Specialist Homelessness Services

The Australian Institute of Health and Welfare (AIHW) has released its annual report on Specialist Homelessness Services, detailing the characteristics of clients on Specialist Homelessness Services, the services requested, outcomes achieved and unmet requests during 2017-18.

A greater proportion of WA clients needed accommodation compared with the national SHS population (58 per cent and 56 per cent, respectively).

While the overall service use rate was lower in WA in 2017–18 than the previous year, a higher service use rate was reported for groups such as young people presenting alone and older people.

Shelter WA is concerned that only one in 109 people in WA received homelessness assistance during 2017-18, which is lower than the national rate (1 in 85). The top three reasons for clients seeking assistance were family and domestic violence (43 per cent, compared with 39 per cent nationally), financial difficulties (37 per cent, compared with 39 per cent nationally), and relationship or family breakdown (23 per cent, compared with 21 per cent nationally). The report states that domestic and family violence is the main reason women and children leave their homes in Australia and is consistently one of the most common reasons clients seek assistance from specialist homelessness services.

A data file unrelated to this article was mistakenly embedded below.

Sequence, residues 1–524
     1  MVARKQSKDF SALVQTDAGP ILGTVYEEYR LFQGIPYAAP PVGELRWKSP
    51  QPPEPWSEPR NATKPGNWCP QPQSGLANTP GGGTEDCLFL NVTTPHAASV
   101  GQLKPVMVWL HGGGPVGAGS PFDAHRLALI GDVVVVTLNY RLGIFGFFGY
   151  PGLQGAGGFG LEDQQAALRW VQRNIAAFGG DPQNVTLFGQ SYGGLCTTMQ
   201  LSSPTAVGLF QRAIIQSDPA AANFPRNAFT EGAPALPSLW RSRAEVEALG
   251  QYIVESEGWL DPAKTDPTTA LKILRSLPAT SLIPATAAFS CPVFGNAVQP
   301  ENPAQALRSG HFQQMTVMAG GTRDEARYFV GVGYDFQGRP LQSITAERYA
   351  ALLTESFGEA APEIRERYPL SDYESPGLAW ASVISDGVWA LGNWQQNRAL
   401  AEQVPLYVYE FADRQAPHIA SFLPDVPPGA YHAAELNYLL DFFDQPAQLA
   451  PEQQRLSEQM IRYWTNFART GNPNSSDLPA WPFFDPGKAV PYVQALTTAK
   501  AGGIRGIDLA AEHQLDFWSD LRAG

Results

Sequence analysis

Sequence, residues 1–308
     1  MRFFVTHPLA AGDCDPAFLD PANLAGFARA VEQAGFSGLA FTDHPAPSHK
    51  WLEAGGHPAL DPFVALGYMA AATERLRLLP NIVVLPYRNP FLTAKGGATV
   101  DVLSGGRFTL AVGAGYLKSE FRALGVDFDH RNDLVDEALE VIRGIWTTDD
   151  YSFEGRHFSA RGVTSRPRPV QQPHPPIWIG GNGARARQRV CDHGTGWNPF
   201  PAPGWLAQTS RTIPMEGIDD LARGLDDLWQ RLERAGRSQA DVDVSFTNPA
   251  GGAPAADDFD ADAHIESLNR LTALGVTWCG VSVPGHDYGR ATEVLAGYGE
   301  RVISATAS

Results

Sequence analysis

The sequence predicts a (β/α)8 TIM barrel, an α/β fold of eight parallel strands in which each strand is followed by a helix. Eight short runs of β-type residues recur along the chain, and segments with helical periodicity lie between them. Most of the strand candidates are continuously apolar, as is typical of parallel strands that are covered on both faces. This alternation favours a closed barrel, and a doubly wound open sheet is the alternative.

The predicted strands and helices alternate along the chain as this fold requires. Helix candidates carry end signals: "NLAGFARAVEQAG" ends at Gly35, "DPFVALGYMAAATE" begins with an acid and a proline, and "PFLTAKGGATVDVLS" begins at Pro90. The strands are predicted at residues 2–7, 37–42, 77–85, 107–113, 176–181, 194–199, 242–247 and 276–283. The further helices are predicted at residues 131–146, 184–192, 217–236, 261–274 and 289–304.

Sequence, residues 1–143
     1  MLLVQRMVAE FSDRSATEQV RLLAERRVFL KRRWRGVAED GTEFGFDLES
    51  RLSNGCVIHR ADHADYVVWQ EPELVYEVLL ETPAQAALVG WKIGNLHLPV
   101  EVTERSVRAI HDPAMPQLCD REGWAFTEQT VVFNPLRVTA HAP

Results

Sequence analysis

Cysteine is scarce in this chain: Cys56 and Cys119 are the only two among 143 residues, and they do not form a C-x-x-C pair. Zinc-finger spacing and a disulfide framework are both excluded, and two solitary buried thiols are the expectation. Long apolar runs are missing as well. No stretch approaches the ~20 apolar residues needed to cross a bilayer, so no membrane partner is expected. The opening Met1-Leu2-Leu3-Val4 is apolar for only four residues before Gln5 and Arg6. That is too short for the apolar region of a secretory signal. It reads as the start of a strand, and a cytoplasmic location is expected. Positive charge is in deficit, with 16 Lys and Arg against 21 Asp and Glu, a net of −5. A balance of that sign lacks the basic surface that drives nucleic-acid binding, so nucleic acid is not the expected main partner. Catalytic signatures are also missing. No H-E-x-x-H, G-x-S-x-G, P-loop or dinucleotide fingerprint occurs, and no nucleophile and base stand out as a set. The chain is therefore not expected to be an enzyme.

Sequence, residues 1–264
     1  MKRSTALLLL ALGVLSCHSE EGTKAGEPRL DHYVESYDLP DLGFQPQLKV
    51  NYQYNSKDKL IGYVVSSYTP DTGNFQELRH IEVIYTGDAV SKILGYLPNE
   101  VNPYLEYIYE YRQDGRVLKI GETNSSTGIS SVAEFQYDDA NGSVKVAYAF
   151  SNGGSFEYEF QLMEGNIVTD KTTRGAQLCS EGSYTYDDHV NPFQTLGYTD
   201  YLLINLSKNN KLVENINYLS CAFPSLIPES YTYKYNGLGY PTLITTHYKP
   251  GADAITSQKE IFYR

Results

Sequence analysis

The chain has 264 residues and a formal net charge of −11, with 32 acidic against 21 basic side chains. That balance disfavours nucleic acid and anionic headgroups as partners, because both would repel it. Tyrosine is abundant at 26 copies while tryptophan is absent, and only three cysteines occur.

The evidence shows the critical need for ongoing, sustained and long-term certainty for increased investment in homelessness services. The evidence indicates many services are stretched and are unable to meet current demand.

Of the 6,200 clients who began support while experiencing homelessness, 30 per cent were assisted into housing. Of these clients 51 per cent were housed in public or community housing, while 45 per cent were housed in private or other housing.

Of the 9,600 clients who began support while in housing but at risk of homelessness, Shelter WA was pleased to see that 90 per cent were assisted to maintain housing.

To read the report in full click here.

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